The casing 12 is secured to the core 11 along a plurality of lines at least certain of which form hinge or fold lines along which the mat tends to bend when folded into the compact pad illustrated in FIGS. 6 through 8. In more particular terms, the casing 12 is secured to the core 11 along a plurality of transversely spaced and longitudinally extending lines of stitching, there being four such lines in the embodiment of the mat being considered, and such lines are respectively denoted with the numerals 16, 17,. 18 and 19. The casing 12 is also secured to the core along a plurality of longitudinally spaced and transversely extending lines, thereby being five such lines in the mat 10 respectively denoted with the numerals 20 through 24. The longitudinally extending lines 16 through 19 are substantially parallel, as are the transversely extending lines 20 through 24; and the two sets of lines intersect each other as shown in FIGS. 1, 2 and 5.

As shown in FIGS. 1 and 5, the various lines of stitching terminate a spaced distance from the upper edge of the mat 10 so as to define a relatively large and unobstructed surface area 25 that serves somewhat in the nature of a pillow or cushion adapted to receive the head and face of a child thereon. Also, a cover 26 overlies the upper face 13 of the casing 12 and is secured thereto such as along the bottom edge 27 and a portion of the side edge 28. The cover 26 may be releasably secured to the upper face 13 along the upper edge 29 of the mat by a plurality of snap fasteners 30 located adjacent the comer portions of the mat. Accordingly, the cover 26 may be fixedly secured along the upper face 13 when the mat is folded for transport and storage, and may be partially released therefrom to permit a child to lie down upon the upper face 13 of the casing 12 and wrap himself with the cover 26. The cover 26 may be formed from the same material as the casing 12 or from an entirely different material.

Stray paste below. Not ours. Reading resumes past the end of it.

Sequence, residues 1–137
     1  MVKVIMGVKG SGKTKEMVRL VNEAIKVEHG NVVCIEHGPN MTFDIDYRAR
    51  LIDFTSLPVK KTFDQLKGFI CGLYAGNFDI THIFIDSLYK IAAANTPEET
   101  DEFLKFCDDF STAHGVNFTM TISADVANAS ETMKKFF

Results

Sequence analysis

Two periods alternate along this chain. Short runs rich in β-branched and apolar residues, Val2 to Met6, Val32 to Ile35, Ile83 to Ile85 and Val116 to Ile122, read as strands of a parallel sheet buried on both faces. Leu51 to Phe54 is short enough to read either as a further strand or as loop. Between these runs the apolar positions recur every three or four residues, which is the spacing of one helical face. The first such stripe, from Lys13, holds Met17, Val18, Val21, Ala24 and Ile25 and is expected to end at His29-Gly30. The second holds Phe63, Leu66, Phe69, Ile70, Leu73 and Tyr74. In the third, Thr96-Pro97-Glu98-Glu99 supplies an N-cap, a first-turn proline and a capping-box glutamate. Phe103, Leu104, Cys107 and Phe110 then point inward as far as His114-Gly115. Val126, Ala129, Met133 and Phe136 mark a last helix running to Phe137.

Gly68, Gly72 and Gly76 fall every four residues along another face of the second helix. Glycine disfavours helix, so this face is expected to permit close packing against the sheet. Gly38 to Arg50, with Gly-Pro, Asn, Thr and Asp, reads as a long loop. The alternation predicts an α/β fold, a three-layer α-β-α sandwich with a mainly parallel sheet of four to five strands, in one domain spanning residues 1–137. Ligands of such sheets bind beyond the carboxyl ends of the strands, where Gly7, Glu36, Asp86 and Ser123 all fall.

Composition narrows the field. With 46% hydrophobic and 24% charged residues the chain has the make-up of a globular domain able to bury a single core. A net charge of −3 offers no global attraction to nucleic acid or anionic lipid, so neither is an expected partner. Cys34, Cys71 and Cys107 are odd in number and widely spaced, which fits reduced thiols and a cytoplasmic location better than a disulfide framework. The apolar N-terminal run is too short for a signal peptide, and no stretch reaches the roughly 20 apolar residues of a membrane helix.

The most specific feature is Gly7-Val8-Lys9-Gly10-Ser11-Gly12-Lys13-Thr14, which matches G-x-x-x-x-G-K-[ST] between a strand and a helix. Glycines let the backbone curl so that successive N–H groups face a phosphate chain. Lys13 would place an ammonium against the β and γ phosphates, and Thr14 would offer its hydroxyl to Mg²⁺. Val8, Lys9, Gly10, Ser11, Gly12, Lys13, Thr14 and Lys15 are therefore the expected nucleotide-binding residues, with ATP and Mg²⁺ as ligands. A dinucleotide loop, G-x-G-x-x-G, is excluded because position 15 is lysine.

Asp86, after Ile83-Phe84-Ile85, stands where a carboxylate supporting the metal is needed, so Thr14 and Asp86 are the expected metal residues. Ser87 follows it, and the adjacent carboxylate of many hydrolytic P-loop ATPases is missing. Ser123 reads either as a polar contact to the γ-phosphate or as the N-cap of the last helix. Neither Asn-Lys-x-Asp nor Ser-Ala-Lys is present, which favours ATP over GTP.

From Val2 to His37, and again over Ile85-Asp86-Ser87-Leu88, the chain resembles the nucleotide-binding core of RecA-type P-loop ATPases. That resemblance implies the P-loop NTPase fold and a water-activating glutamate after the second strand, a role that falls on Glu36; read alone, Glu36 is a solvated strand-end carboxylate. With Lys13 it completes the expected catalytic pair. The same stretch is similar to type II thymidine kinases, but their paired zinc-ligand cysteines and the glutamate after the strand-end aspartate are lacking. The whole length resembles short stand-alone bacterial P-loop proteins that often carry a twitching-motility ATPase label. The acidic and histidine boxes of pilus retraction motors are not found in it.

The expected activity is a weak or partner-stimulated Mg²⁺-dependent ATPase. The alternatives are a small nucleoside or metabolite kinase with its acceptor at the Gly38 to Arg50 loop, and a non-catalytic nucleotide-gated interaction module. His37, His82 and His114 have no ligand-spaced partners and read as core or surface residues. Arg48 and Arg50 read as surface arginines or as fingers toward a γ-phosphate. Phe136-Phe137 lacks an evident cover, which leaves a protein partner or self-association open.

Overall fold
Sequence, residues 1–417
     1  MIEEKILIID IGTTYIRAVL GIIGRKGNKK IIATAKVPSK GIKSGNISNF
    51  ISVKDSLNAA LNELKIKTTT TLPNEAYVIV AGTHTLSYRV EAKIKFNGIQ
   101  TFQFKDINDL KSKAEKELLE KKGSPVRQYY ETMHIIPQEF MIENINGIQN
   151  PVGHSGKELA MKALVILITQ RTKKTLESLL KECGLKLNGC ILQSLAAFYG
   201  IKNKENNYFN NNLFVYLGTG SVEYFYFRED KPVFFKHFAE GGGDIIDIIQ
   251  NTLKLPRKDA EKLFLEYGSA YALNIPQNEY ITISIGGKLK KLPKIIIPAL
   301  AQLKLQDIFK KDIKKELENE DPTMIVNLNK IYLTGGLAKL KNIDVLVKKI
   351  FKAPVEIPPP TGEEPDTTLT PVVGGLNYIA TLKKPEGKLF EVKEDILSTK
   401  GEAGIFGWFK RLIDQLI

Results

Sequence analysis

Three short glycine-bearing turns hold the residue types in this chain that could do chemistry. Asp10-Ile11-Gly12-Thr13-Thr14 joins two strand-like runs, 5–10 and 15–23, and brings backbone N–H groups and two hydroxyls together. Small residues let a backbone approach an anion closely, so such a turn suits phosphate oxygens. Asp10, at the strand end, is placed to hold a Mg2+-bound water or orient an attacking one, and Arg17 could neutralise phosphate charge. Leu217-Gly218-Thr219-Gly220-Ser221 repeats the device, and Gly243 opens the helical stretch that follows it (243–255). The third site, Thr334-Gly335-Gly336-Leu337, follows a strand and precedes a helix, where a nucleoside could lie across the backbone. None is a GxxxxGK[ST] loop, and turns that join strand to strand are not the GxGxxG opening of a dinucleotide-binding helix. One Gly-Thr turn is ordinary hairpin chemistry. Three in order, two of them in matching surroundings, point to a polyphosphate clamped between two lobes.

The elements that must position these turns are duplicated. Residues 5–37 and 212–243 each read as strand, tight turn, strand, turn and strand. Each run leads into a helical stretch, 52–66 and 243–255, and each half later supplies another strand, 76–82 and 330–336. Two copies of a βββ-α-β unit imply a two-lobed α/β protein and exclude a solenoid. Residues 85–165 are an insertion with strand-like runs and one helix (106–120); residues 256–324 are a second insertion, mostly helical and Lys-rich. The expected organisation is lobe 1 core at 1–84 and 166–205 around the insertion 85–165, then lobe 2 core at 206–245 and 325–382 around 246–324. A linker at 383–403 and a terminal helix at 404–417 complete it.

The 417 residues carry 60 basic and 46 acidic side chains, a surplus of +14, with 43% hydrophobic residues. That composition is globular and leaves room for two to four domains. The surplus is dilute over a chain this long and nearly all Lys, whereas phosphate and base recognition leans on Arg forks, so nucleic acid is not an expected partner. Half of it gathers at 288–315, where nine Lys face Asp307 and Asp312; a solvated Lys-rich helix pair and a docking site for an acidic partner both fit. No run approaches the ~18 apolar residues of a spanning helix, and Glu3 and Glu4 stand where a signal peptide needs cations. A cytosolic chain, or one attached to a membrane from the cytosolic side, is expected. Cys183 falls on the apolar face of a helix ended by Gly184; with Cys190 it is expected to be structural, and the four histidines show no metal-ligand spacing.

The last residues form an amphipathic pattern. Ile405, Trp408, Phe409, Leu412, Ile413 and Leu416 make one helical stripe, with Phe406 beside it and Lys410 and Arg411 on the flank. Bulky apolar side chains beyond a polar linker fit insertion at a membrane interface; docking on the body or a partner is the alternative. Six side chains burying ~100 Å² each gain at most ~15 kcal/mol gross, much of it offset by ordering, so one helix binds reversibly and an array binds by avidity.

The mat 10 along the bottom face 14 of the casing 12 is equipped with a removable protective sheet 31 which is advantageously formed of a sturdy, readily cleaned material, such as a transparent polyethylene, which protects the mat during use and yet can be wiped clean with little effort. The protective sheet 31 may be, in the form shown, transparent and may be just slightly larger in length and width than the casing 12 and removably secured thereto by a plurality of snap fasteners 32, all as illustrated in FIG. 2.

Also secured to the bottom face 14 adjacent the upper end of the mat in generally underlying relation with the unobstructed surface area 25 thereof is a pocket-forming member 33 which may be a fabric material stitched or otherwise secured to the face 14 along a transversely extending line 34 and along longitudinally extending lines 35 and 36. The member 33 is unsecured along its upper edge so as to provide pockets adapted to receive a smock, cap or other articles of clothing, etc. therein; and if desired, the member 33 may also be stitched to the face 14 along a median line 37 so as to form a plurality of separated pockets 38.

The mat 10 is adapted to be folded into a compact package for storage to facilite portability thereof, and the stitching lines 17 and 18 define or form hinges along which the mat bends or breaks naturally to facilitate the folding operation which is usually performed by a small child. Such folding is illustrated in FIG. and by way of being specific the mat when flat, upon a floor surface, is shown in FIG. 1, and may be folded normally along one longitudinal edge portion, along the hinge 17, for example, so as to bring such edge portion into juxtaposition with the center area of the mat. Thereafter, the opposite longitudinal edge portion is folded inwardly along the hinge 18 so as to overlie the opposite longitudinal edge. Accordingly, in the particular mat 10 being considered, it is folded longitudinally into three parts or thirds of substantially equal transverse dimensions.